Have teams figured out how to beat this Chicago Bears defense?
So, here’s a deep, dark secret I’ve never told anyone: for each of the last nine years, I’ve watched the Chicago Bears play football, with the same song in my head. Perhaps you’ve heard it before — a Magic Uno song entitled “Cutty Come Back,” in 2011, when Jay Cutler tore his thumb and missed the final six games of the season, and a parody of the 1977 hit, “Baby Come Back.”
There’s one part of the song where Lovie Smith is “telling” the defense that they can’t give up any more than three(!) points. For if they do, defeat is almost a guarantee.
There isn’t a single player remaining from that vaunted defense in 2011. Despite the roster turnover, one thing has just never changed: the amount of pressure on the Chicago Bears’ defense to play a perfect game. Or else.
At times this season, the Chicago Bears have played the role they’ve always been typecast as — a bend-but-don’t-break defense that ranks among the top of the league. If the last two games have taught anything, we’re beginning to see a bit more break.
Monday Night Football’s loss to the Los Angeles Rams was certainly the more sobering of the two; almost right away, the Rams punched Chicago in the mouth with quick, decisive “5” routes (or out routes), and crossers that stretched the Bears’ across the field horizontally, and exposed Chicago’s lack of speed at outside linebacker and within the slot corner position.
A quick look at Goff’s passing chart on NFL Next Gen Statistics confirms as much.
In that game, Goff went 20-of-23 for 171 yards and two touchdowns when he kept the ball within 10-yards of intended air yards. And whether it was a well-known receiver like Cooper Kupp, or an up-and-comer like Josh Reynolds, the end result was the same, whenever they ran a short route towards the sidelines: completion, move the chains.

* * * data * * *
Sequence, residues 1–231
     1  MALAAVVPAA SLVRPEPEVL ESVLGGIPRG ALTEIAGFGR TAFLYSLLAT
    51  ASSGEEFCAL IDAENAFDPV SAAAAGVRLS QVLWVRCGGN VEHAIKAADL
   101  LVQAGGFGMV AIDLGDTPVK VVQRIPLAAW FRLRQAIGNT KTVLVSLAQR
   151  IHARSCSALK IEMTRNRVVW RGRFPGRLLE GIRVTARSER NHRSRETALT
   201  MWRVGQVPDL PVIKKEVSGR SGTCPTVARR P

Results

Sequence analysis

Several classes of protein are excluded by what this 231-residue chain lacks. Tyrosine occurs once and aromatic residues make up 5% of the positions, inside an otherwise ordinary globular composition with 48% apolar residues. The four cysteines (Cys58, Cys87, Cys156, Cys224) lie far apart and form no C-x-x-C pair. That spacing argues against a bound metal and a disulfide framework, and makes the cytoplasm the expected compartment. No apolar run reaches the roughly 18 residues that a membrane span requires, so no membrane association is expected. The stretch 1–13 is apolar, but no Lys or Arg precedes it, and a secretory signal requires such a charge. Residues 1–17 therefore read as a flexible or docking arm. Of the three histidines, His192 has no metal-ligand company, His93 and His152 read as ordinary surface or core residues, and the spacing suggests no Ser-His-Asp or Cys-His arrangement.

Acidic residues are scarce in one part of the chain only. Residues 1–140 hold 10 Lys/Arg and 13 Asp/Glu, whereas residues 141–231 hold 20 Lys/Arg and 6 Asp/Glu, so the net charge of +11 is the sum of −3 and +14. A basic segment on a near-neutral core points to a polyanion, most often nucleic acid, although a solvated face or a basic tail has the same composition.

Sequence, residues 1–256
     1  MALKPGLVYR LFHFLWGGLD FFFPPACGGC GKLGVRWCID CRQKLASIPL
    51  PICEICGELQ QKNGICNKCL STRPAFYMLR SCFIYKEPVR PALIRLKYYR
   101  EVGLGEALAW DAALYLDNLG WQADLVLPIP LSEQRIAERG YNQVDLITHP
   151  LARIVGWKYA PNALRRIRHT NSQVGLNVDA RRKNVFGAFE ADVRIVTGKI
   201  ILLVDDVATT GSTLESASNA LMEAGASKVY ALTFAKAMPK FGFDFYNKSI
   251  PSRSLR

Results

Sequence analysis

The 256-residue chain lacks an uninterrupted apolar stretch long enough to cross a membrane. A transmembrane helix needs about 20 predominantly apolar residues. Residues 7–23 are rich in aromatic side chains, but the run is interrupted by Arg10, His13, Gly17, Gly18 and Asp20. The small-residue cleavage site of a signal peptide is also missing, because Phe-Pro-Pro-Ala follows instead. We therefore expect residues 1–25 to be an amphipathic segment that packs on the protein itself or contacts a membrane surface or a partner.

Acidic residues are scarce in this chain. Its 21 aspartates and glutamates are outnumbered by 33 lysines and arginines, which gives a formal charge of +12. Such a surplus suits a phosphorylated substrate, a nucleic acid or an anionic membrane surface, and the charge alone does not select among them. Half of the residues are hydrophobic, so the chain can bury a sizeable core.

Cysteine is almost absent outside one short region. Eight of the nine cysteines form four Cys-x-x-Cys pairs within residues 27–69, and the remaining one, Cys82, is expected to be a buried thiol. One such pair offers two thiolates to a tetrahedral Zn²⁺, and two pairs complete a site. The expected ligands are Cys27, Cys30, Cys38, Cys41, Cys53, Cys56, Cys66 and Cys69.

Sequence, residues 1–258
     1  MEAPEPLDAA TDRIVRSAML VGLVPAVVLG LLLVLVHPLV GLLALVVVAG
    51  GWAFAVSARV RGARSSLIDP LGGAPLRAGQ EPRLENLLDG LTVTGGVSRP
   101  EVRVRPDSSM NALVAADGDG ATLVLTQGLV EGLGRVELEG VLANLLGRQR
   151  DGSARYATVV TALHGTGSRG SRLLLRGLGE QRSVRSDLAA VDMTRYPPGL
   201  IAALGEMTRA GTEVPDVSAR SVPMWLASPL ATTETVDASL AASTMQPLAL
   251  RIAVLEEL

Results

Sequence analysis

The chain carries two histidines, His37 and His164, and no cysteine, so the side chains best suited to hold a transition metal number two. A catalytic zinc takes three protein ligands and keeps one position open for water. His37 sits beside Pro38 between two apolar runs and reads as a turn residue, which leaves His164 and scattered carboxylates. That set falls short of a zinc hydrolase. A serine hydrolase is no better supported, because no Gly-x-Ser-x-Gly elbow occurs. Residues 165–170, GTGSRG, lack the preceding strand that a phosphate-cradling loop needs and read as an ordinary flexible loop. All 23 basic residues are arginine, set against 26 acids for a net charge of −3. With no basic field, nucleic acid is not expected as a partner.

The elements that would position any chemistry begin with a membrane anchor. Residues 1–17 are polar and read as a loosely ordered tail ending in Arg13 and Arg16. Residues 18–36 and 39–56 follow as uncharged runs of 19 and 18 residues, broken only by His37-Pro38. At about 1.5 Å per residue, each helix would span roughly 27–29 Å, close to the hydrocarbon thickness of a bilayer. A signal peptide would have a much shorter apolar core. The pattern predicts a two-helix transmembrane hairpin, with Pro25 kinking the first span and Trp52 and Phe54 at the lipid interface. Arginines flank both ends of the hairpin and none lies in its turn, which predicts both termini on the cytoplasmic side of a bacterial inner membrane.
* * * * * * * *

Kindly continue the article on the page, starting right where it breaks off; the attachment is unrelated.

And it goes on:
As expected, Drew Brees and the Saints blew the top off that philosophy. Brees, predictably, relied heavily on those short, left-side passes to Alvin Kamara. But he connected on short, first-read passes all afternoon long.
There wasn’t a single pass thrown beyond 20-or-more yards for Brees; nevertheless, the Saints had seven drives of 7+ plays, and stayed efficient. Here’s a look at his chart.
Don’t mistake this for me being intensely critical of the Bears’ defense. There’s not a single loss you can pin mainly on them this season. But, we knew what the philosophy would be heading in. Only four teams league-wide — the Buffalo Bills, Miami Dolphins, Baltimore Ravens, and Kansas City Chiefs — allocate more money to their defense than the Chicago Bears do ($91 million, per Spotrac).
Can we have optimism in the Bears rectifying this short, outside-route problem? Perhaps, but it feels like a longshot right now. If Chicago were ravaged by injuries, that would be one thing. But they’re tied for the third-healthiest team in the NFL, only behind the Pittsburgh Steelers and Miami Dolphins, with only 13 games lost to injuries to account for.
In July, we talked about how the Chicago Bears would be among the teams benefitting from the preseason cancellation, since they had the around-the-block players that knew how to mentally prepare for a regular season, with or without exhibitions. But how will having an aging defense … age as the season progresses?
For reference, the Bears’ 26.7 average age is the second-oldest in the league.
Statistics aren’t available for the 2020 season, but one has to imagine that they look a bit similar, if not worse.
Defense on out routes, Chicago Bears over the last three seasons
— 2018: -33.4% DVOA (No. 3-rank) | 76 targets (second-most) | 68% comp. percentage
— 2019: -8.2% DVOA (No. 11-rank) | 72 targets (9th-most) | 64% comp. percentage
More than likely, the reasoning lies in the Fangio-Pagano change. Defenses are still fearful of testing Eddie Jackson too often, which puts the onus on linebackers, and even more importantly, Buster Skrine, and those defending inside.
A Sunday date with the Titans and Ryan Tannehill, one of the NFL’s best out-breaking route throwers, isn’t exactly what the doctor would prescribe, even for a defense as great as the Chicago Bears are. That Lovie Smith lyric holds true, nearly a decade later.